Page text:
• pronuntiatio (presentation) and actio (delivery) the gestures, pronunciation, tone, and pace used when presenting the persuasive arguments—the Grand Style

 

Based on this idea (literally), I have created an acronym that may help with AI prompt development that operates in two stages to reflect the iterative refinement nature of crafting prompts. The initial steps of input involve inquiring, designing, and engaging. Once a response is received, the next phase is to adapt and synthesize.



 

Inquire, Design, Engage, Adapt, Specify I.D.E.A.S.

 

Phase 1 Inquire, Design, Engage, (IDE)

 

- Inquiry (Inventio): Inquiry aligns closely with Inventio, as it involves the initial stage of questioning and exploring to develop the content and purpose of the prompt.

 

- Design (Dispositio):Design mirrors Dispositio, organizing the content into a coherent structure that will guide the AI in producing a structured and impactful response.

 

- Engage (Elocutio):Engage corresponds to Elocutio, focusing on the style and presentation of the prompt to ensure that it is engaging and effective in its language and tone.

 

Example using this framework:

Inquire

Can you come up with an interactive 5th-grade lesson plan on fractions focusing on equivalent fractions, addition, and comparison? Any ideas for engaging, inquiry-based activities?"

 

Design

Draft a lesson with an engaging intro to fractions, a hands-on activity for exploring equivalency, and a practical application for adding and comparing fractions.

 

Engage

Create a lively lesson plan that makes fractions relatable and exciting for 10-year-olds, prompting curiosity and interaction in the classroom.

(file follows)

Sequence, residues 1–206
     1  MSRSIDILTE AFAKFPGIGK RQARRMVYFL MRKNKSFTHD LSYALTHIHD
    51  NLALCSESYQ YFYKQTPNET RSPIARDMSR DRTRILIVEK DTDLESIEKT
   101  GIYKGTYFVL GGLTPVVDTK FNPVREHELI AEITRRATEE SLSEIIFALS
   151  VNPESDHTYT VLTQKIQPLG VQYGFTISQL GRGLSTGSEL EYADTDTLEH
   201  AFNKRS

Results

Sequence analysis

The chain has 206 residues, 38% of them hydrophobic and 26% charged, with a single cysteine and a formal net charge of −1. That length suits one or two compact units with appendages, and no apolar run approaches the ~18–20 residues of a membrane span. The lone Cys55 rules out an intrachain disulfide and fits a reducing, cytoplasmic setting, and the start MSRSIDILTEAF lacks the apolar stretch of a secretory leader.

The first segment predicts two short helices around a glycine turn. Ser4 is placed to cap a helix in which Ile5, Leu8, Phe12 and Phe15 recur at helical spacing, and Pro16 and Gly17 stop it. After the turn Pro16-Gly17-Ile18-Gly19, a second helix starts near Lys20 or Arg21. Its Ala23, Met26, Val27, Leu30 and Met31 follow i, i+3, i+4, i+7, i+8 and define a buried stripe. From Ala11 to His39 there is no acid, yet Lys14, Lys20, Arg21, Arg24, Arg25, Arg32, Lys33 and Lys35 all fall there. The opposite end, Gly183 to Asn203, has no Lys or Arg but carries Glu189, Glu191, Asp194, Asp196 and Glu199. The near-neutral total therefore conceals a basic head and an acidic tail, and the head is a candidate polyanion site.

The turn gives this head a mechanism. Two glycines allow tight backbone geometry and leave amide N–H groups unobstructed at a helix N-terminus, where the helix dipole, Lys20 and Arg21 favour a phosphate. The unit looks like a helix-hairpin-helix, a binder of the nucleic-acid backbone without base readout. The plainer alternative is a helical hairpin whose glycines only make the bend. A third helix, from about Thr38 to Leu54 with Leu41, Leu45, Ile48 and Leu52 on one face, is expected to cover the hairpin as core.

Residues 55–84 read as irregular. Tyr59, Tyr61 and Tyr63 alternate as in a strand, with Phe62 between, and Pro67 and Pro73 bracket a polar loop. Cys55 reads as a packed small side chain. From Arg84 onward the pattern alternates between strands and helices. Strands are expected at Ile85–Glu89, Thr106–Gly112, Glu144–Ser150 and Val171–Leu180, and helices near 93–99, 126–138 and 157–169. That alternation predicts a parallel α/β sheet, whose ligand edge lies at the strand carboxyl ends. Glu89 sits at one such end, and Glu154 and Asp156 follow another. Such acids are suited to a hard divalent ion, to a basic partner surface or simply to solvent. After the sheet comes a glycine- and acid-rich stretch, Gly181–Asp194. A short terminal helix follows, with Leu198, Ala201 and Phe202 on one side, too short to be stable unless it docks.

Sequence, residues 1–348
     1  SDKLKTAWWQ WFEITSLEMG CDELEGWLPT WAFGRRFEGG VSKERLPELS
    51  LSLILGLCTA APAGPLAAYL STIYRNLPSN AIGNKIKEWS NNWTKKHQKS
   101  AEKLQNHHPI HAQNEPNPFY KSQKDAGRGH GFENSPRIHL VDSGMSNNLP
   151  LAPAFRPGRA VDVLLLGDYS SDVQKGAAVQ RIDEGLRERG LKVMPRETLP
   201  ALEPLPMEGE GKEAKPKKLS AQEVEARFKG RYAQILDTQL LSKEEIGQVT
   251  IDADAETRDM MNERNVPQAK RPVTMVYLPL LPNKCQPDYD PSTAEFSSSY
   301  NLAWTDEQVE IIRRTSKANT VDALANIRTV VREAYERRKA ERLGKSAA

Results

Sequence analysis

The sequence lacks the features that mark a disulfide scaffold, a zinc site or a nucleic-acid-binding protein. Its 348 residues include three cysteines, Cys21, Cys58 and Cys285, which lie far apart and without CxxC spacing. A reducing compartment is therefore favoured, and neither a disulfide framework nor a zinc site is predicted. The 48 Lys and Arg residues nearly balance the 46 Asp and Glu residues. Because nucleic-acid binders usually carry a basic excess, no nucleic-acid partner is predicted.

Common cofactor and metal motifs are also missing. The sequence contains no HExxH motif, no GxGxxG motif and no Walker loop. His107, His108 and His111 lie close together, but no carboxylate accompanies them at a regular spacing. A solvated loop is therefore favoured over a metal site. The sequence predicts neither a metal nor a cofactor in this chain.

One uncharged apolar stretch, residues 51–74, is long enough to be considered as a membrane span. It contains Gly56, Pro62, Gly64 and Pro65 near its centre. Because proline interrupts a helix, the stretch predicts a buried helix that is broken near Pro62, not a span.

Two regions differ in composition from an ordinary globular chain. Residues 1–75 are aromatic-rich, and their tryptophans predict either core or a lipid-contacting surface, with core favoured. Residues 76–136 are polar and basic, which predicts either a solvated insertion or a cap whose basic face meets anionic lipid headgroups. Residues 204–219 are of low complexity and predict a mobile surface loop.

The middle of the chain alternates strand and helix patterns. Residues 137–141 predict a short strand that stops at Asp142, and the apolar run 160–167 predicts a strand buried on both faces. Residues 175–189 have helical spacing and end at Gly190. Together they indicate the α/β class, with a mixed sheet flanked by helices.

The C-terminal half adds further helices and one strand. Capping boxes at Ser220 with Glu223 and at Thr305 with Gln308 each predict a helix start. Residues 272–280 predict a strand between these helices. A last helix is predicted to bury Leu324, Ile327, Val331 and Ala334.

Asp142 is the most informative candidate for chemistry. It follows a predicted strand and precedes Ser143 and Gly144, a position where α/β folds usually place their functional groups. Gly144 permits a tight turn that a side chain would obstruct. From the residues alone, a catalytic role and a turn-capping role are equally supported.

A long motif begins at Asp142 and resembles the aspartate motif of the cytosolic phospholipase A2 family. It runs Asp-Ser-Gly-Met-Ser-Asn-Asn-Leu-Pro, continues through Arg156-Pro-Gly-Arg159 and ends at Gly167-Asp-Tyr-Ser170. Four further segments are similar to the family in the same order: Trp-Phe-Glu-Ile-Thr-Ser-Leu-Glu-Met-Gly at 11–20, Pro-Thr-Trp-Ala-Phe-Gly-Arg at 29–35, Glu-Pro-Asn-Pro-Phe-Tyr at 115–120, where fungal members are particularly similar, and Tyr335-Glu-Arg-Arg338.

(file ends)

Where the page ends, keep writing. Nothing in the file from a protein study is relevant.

ChatGPT 4 response:

 

Inquire (Response):

"Absolutely, I can assist with that. For an interactive lesson plan on fractions for 5th graders, we could explore the concepts of equivalent fractions, addition, and comparison through a series of real-life scenarios and manipulatives that encourage students to ask questions and think critically."

 

Design (Response):

Here's a structured lesson outline:

1. Introduction: Begin with a short story that involves sharing a pizza or a chocolate bar, to introduce the concept of fractions in a relatable context.

2. Hands-On Activity: Use fraction circles or strips to visually and tactilely explore equivalent fractions, allowing students to manipulate pieces to see how different fractions can represent the same portion of a whole.

3. Practical Application: Transition to a group activity where students use real-world examples, like recipes or money, to add and compare fractions, solidifying their understanding with tangible examples."

 

Engage (Response):

The lesson plan will be crafted to engage 10-year-olds by incorporating elements of play and discovery. For instance, students could create their own 'Fraction Museum' where they display and explain examples of equivalent fractions using creative visuals. To conclude, a 'Fraction Scavenger Hunt' around the classroom could be organized, where each student solves fraction addition and comparison problems, reinforcing the day's lessons with energetic participation.

 

Phase 2 Adapt and Synthesize (A.S.)

 

- Adapt (Inventio + Memoria): Adapt incorporates elements of Inventio, as the process of adaptation often requires revisiting and refining the original content of the prompt—essentially re-inventing it to better suit the needs identified through feedback and results. It also draws from Memoria, as it involves keeping track of what modifications have been made and how they have impacted the AI's responses.

 

- Synthesize (Pronuntiatio and Actio): Synthesize encapsulates Pronuntiatio and Actio, ensuring that all elements of the new prompt come together in a cohesive manner based on the previous outputs from AI.


Example for Phase 2

ChatGPT response from Phase 1

Inquire (Response):

"Absolutely, I can assist with that. For an interactive lesson plan on fractions for 5th graders, we could explore the concepts of equivalent fractions, addition, and comparison through a series of real-life scenarios and manipulatives that encourage students to ask questions and think critically."

 

Design (Response):

Here's a structured lesson outline:

1. Introduction: Begin with a short story that involves sharing a pizza or a chocolate bar, to introduce the concept of fractions in a relatable context.